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  • Enterprise knowledge: the document, content and records context

    Michael Middleton

    Queensland University of Technology

    School of Information Systems

    Forum: Implementation of Electronic Document, Content and Records Management in Queensland Government Agencies & Utilities

    Marriott Hotel, Brisbane, November 11-12, 2005

    Abstract

    Enterprise knowledge resides in people, in documents, and in the way that both the people and the documents are organised. Use of this knowledge can be enhanced by reflecting the enterprise in its document, records and information management. Consideration is given to factors that influence effective information management and utilisation. These include metadata, vocabulary control, information quality and ownership.

    Introduction Much has been written about effective implementation of information systems. Often,

    this turns out to be about ineffective implementation of a system. Less often, the

    information in the system is called into question. Some time ago, Horton and Lewis

    (1991) redressed this balance to some extent by bringing together examples of how

    information mismanagement led to human misery, political misfortune and business

    failure.

    The contributions they bring together include information systems failures such as

    those contributing to obstruction of information flow during the 1987 US stock market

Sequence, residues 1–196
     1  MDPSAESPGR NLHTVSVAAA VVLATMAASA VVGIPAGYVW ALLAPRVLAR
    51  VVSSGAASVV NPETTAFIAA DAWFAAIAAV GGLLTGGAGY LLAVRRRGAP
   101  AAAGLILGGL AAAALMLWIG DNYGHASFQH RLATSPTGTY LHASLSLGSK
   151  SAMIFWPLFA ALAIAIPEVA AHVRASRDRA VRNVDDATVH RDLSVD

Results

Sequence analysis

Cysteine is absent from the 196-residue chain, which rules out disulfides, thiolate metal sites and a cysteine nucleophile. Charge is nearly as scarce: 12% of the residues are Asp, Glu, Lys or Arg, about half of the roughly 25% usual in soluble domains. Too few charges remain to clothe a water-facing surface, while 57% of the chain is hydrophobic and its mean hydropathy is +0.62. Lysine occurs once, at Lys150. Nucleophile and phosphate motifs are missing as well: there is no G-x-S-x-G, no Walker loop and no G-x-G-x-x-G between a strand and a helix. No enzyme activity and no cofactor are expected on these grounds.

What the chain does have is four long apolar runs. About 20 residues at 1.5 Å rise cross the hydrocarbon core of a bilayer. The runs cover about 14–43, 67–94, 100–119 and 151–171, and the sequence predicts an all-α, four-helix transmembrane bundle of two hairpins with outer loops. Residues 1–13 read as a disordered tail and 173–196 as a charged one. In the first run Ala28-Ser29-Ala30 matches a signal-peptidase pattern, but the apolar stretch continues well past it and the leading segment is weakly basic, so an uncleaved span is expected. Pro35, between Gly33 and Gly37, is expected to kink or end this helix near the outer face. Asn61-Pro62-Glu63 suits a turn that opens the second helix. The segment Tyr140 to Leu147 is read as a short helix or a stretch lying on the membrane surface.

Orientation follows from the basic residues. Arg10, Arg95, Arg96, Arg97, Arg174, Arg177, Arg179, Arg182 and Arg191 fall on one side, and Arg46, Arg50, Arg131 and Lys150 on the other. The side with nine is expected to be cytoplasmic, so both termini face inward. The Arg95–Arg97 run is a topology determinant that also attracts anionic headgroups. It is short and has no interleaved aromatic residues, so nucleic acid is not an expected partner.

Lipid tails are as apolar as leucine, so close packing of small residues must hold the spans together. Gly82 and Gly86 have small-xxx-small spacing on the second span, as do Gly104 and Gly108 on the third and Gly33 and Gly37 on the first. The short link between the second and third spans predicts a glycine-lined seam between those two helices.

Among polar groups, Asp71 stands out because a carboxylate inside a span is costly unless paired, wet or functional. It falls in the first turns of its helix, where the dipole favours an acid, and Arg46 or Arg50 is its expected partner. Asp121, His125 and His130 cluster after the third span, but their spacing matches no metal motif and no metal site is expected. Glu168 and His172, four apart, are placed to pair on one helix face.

crash. They also include examples of futile warfare perpetrated using incorrect

    intelligence, and the cultural disintegration of an indigenous Australian tribe through

    insensitivity to the information fabric embodied in use of particular implements

    (Diener, 1991). There are corporate examples too, including one in which Lytle (1991)

    documents a failure in which requirements analysis (e.g. for personnel and payroll),

    was undertaken appropriately, but no attempt was made to identify what could be done

    better with human or financial resource management from a longer term perspective.

    M. Middleton PICS Forum, Brisbane, Nov 2005 1

  • More recently than their examples, we have had a catastrophe such as the World Trade

    Centre demise, accompanied by an information disaster graphically illustrated by the

    flakes of paper from many information-based organisations snowing into the streets.

    Woods (2002) notes that financial services companies had the difficult, but not

    impossible task of re-constituting systems from off-site backups. For the likes of law

    firms, there were huge amounts of lost paper-based information, with the possibility of

    litigation against companies that did not have disaster recovery plans established or

    sufficient redundant copies of information stored off-site.

    This presentation is not about information disasters. Nor is it about information failures

    or hiatuses (mere unavailability). Rather, it is about approaches that mitigate against

    hiatus, failure (and possible disaster) through positive use of information resources. A

    mantra in the field of information management is get the right information to the right